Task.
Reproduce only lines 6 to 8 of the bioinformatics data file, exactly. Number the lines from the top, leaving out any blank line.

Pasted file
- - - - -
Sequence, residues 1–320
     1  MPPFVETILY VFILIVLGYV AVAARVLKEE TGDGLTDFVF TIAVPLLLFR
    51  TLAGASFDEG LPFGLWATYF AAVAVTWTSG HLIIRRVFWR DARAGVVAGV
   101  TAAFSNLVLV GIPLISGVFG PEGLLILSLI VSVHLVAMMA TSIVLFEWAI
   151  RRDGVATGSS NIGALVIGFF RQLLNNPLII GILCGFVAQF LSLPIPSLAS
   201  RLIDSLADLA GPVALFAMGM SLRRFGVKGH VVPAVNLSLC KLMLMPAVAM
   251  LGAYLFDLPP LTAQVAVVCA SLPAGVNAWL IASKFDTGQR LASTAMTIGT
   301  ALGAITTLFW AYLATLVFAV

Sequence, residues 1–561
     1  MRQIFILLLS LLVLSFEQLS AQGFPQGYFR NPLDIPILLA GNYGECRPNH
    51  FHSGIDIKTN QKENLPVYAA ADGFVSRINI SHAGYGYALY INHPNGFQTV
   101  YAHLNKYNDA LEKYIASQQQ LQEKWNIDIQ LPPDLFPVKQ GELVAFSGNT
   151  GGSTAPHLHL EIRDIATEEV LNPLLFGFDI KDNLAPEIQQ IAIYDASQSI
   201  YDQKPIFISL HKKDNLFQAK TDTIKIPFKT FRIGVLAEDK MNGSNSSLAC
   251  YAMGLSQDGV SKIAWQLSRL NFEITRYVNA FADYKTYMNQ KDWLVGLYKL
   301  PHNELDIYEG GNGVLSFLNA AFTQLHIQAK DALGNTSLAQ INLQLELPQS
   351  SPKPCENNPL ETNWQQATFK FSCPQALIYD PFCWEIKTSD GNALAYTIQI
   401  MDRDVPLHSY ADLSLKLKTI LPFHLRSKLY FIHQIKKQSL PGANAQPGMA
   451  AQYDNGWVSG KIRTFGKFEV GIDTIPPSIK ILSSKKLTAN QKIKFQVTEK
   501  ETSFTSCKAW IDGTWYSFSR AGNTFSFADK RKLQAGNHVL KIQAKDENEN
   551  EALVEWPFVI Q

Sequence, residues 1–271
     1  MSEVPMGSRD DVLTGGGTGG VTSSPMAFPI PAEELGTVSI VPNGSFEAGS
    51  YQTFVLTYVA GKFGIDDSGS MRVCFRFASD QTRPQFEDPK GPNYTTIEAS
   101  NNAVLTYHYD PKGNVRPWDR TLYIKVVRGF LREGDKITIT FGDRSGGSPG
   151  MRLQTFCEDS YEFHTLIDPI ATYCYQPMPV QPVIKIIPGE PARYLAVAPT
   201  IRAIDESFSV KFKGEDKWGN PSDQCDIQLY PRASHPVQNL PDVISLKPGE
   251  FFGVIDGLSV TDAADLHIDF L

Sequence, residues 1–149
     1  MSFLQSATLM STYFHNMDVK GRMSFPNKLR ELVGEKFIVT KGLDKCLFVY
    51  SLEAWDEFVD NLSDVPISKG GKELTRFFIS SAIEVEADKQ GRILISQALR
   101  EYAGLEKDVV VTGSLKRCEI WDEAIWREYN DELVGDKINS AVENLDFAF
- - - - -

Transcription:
   201  RLIDSLADLA GPVALFAMGM SLRRFGVKGH VVPAVNLSLC KLMLMPAVAM
   251  LGAYLFDLPP LTAQVAVVCA SLPAGVNAWL IASKFDTGQR LASTAMTIGT
   301  ALGAITTLFW AYLATLVFAV